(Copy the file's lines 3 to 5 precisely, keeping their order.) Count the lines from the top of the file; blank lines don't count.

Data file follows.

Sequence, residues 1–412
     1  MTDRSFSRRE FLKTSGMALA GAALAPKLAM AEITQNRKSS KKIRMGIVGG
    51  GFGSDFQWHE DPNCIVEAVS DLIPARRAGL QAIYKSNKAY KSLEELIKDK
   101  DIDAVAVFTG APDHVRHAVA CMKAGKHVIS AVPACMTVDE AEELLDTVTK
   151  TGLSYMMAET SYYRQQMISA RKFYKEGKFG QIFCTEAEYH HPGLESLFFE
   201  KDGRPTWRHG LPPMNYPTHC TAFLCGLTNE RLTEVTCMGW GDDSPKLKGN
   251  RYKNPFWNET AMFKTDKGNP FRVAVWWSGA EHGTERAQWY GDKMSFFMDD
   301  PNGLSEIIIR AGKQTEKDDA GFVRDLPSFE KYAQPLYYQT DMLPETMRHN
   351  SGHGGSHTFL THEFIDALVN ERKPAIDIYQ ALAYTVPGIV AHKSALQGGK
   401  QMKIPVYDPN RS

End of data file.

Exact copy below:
    51  GFGSDFQWHE DPNCIVEAVS DLIPARRAGL QAIYKSNKAY KSLEELIKDK
   101  DIDAVAVFTG APDHVRHAVA CMKAGKHVIS AVPACMTVDE AEELLDTVTK
   151  TGLSYMMAET SYYRQQMISA RKFYKEGKFG QIFCTEAEYH HPGLESLFFE